The map above shows the spread of papermaking from China west to Korea and Japan, its spread East across the Chinese empire to Samarkand, then to Europe, and finally to the Americas. What is fascinating about this map is the amount of time papermaking took to spread from East to West – over 600 years to reach Samarkand in the 8th century and over 1000 to reach Moorish Spain in the 12th century.
The basic principles of papermaking are shared among Eastern and Western methods – fiber source, fiber preparation, beating, sheet formation, drying – but the raw materials selected for fiber, the local conditions, and the methods used to carry out each of these steps varied by region resulting in finished papers of distinct characteristics and qualities.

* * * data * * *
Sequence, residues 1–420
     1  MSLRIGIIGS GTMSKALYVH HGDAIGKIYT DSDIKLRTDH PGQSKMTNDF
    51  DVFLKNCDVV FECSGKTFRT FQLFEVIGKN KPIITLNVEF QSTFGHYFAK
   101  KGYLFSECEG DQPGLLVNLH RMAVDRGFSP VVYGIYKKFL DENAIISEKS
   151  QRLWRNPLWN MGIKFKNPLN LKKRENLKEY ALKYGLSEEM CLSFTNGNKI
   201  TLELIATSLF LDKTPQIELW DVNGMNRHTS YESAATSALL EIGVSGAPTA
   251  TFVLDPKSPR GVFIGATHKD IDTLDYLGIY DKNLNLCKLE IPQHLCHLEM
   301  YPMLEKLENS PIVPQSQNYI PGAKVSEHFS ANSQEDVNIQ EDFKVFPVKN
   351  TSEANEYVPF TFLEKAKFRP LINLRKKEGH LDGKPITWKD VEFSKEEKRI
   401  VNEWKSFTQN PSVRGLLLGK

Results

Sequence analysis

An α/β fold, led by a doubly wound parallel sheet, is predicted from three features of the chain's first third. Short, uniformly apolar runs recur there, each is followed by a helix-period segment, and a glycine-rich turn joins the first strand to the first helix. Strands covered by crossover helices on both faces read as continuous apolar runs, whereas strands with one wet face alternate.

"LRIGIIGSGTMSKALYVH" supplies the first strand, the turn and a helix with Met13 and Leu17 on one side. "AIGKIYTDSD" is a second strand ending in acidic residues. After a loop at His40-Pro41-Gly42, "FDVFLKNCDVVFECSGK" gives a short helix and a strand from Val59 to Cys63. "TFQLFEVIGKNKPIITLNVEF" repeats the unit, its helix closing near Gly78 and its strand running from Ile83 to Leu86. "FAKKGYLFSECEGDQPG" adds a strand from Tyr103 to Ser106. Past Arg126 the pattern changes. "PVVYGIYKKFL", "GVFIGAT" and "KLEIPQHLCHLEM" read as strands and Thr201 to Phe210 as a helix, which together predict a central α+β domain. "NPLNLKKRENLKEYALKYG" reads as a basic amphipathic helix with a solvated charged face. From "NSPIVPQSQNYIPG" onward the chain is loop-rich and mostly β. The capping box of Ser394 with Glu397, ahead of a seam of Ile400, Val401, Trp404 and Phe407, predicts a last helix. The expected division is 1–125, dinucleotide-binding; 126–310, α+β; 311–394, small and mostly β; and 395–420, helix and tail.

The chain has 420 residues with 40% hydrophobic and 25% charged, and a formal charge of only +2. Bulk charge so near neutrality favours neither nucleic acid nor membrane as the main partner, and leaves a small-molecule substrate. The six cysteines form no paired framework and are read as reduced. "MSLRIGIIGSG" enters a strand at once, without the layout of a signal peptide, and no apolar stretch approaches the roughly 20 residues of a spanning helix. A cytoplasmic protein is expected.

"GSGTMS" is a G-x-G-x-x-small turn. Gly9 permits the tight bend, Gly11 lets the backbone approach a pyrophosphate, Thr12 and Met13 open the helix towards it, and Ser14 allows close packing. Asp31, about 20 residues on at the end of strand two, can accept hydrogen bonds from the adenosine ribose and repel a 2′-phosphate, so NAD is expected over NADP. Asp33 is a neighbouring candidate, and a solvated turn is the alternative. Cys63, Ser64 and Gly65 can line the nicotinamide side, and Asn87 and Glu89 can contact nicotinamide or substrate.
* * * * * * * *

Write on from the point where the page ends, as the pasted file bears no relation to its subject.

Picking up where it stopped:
Some of the finest and most beautiful papers were said to come from the Islamic lands. These papers, made from flax or hemp rag fibers, were highly burnished with a stone giving a very smooth surface. The calligraphy and illuminations that were composed upon these papers were as remarkably beautiful as the surface on which they were inscribed.
Shown here is a manuscript brought to the lab to be removed from its mat, treated for digitization, and then rehoused. The new housing – a double-sided window mat with hinged cover allows both sides to be viewed.
Additional information about Islamic Papers can be found:
Bloom, Jonathan M. Paper Before Print: The History and Impact of Paper in the Islamic World. New Haven: Yale University Press, 2001.
Soteriou, Alexandra, Gift of Conquerors: Hand Papermaking in India. Ahmedabad, India: Mapin Publishing, 1999.